1 Choose View > Proof Setup, and choose the proof profile space that you want to simulate:
• Custom soft-proofs colors using the color profile of a specific output device. Follow the instructions after this procedure to set up the custom proof.
• Working CMYK soft-proofs colors using the current CMYK working space as defined in the Color Settings dialog box.
• Working Cyan Plate, Working Magenta Plate, Working Yellow Plate, Working Black Plate, or Working CMY Plates soft-proofs specific CMYK ink colors using the current CMYK working space.
• Macintosh RGB or Windows RGB soft-proofs colors in an image using either a standard Mac OS or Windows monitor as the proof profile space to simulate. Neither option is available for Lab or CMYK documents.
• Monitor RGB soft-proofs colors in an RGB document using your current monitor color space as the proof profile space. This option is unavailable for Lab and CMYK documents.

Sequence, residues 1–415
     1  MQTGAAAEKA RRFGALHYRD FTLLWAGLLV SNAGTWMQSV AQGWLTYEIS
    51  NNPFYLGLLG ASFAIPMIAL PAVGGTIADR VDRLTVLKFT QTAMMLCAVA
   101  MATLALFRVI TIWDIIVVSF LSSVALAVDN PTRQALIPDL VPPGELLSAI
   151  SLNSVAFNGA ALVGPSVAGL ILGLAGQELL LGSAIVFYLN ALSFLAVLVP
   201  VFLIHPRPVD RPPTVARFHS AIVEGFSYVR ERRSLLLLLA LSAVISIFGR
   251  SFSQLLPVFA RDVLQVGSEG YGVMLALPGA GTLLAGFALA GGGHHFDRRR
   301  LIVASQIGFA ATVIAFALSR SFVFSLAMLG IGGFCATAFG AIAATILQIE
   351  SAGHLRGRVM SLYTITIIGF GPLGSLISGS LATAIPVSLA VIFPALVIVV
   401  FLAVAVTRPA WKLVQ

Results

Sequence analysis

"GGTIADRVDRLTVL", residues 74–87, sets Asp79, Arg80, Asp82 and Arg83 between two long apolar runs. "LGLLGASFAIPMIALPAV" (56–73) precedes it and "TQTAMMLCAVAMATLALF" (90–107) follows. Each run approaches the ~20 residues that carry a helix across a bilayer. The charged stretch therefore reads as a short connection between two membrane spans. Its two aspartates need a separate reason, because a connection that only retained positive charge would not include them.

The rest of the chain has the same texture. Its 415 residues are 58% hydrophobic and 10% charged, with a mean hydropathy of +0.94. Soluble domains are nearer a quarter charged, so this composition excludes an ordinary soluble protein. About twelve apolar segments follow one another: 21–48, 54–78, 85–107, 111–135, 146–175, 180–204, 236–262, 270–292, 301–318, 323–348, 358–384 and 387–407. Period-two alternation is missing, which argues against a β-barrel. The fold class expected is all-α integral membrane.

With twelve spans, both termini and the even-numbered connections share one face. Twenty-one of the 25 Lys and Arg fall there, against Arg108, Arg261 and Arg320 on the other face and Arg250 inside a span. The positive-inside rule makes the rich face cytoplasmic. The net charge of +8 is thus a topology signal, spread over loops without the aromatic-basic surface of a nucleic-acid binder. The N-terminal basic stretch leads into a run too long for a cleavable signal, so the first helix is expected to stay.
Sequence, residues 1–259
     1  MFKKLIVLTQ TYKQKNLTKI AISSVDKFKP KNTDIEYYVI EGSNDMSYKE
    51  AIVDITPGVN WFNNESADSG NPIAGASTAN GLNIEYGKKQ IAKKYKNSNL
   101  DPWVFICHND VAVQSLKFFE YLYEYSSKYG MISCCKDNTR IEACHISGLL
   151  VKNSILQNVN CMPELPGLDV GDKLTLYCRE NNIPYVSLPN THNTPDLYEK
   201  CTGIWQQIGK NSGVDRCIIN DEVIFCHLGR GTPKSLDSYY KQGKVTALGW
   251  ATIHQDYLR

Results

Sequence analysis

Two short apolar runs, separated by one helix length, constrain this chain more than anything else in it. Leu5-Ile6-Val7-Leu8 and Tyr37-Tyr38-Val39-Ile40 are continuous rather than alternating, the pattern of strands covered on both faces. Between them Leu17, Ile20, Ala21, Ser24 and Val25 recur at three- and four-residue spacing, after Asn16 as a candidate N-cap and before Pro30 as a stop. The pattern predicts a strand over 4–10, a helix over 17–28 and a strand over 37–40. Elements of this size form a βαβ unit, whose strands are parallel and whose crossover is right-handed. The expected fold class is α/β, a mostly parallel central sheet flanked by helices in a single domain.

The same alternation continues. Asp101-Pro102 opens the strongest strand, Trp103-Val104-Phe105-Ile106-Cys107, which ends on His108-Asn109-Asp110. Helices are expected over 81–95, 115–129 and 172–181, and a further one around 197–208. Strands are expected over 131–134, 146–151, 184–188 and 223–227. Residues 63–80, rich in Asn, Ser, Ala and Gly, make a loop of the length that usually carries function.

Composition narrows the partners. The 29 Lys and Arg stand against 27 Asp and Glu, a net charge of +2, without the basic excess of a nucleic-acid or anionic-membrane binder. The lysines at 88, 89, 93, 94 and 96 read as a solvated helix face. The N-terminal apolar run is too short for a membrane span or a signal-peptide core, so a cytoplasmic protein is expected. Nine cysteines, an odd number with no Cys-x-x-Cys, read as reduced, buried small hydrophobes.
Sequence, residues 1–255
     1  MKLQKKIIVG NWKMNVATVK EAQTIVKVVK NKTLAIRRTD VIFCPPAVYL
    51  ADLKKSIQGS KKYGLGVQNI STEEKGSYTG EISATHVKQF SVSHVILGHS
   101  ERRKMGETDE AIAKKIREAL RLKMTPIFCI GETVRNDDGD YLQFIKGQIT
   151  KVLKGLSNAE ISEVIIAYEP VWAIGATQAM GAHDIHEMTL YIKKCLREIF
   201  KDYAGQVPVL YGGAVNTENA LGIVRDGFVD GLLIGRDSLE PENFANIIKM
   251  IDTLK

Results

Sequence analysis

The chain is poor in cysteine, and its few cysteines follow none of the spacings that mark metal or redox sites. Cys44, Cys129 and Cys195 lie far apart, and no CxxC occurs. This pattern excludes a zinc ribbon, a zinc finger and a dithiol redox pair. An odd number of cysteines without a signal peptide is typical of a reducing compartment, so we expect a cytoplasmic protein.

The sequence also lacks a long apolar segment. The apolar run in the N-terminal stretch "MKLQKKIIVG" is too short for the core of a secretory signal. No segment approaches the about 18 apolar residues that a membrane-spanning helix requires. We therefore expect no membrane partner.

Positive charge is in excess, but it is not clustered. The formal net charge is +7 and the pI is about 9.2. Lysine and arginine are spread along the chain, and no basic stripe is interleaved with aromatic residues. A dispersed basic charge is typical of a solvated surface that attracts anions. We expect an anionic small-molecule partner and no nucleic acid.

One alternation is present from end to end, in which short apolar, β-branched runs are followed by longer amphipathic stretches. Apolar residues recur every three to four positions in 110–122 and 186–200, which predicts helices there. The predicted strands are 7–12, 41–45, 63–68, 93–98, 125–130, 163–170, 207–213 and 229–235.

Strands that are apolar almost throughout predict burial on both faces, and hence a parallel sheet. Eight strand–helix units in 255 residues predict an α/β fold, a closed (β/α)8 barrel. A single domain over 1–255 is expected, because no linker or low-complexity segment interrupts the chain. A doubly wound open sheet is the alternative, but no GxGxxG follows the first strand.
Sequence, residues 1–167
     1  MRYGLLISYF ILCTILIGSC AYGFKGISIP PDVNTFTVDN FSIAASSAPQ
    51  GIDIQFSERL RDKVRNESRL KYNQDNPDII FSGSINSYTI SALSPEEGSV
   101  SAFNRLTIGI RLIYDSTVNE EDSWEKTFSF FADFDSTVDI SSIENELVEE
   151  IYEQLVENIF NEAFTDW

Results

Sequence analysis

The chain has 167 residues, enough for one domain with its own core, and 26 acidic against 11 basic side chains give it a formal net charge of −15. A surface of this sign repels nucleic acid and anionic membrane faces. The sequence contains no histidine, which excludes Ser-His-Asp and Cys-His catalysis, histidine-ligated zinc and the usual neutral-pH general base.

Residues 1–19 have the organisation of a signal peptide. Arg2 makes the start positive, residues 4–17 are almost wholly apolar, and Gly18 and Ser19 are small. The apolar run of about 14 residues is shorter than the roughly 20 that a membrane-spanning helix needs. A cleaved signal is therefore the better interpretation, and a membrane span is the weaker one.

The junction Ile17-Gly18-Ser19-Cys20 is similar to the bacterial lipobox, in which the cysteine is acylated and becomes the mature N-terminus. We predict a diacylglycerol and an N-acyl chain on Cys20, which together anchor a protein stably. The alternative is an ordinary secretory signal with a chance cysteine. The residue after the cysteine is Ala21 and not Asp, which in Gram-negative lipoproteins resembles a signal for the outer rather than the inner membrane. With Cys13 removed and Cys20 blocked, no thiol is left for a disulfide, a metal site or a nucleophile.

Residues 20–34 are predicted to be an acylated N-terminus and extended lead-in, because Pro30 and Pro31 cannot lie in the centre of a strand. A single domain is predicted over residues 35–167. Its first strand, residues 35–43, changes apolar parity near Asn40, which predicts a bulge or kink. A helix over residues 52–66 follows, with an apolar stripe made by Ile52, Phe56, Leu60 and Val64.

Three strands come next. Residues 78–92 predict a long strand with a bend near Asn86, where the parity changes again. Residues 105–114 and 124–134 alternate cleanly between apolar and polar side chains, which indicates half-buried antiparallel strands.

• Simulate Paper White previews the specific shade of white exhibited by the print medium defined by a document's profile. This option is not available for all profiles and is available only for soft-proofing, not printing.
• Simulate Ink Black previews the actual dynamic range defined by a document's profile. This option is not available for all profiles and is available only for soft-proofing, not printing.
2 Choose View > Proof Colors to turn the soft-proof display on and off. When soft proofing is on, a check mark appears next to the Proof Colors command.
When soft proofing is on, the name of the current proof profile appears next to the color mode in the document's title bar.
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Adobe Photoshop can be a complex tool only because you can do so much with it, however for in this video series, we're going to keep it as simple as possible. In fact, in this video you'll see an overview of the few tools and Adobe Photoshop features we will use. When you see this video, you'll see how you can do so much with so few features, but you'll learn how to use them in depth in the future videos.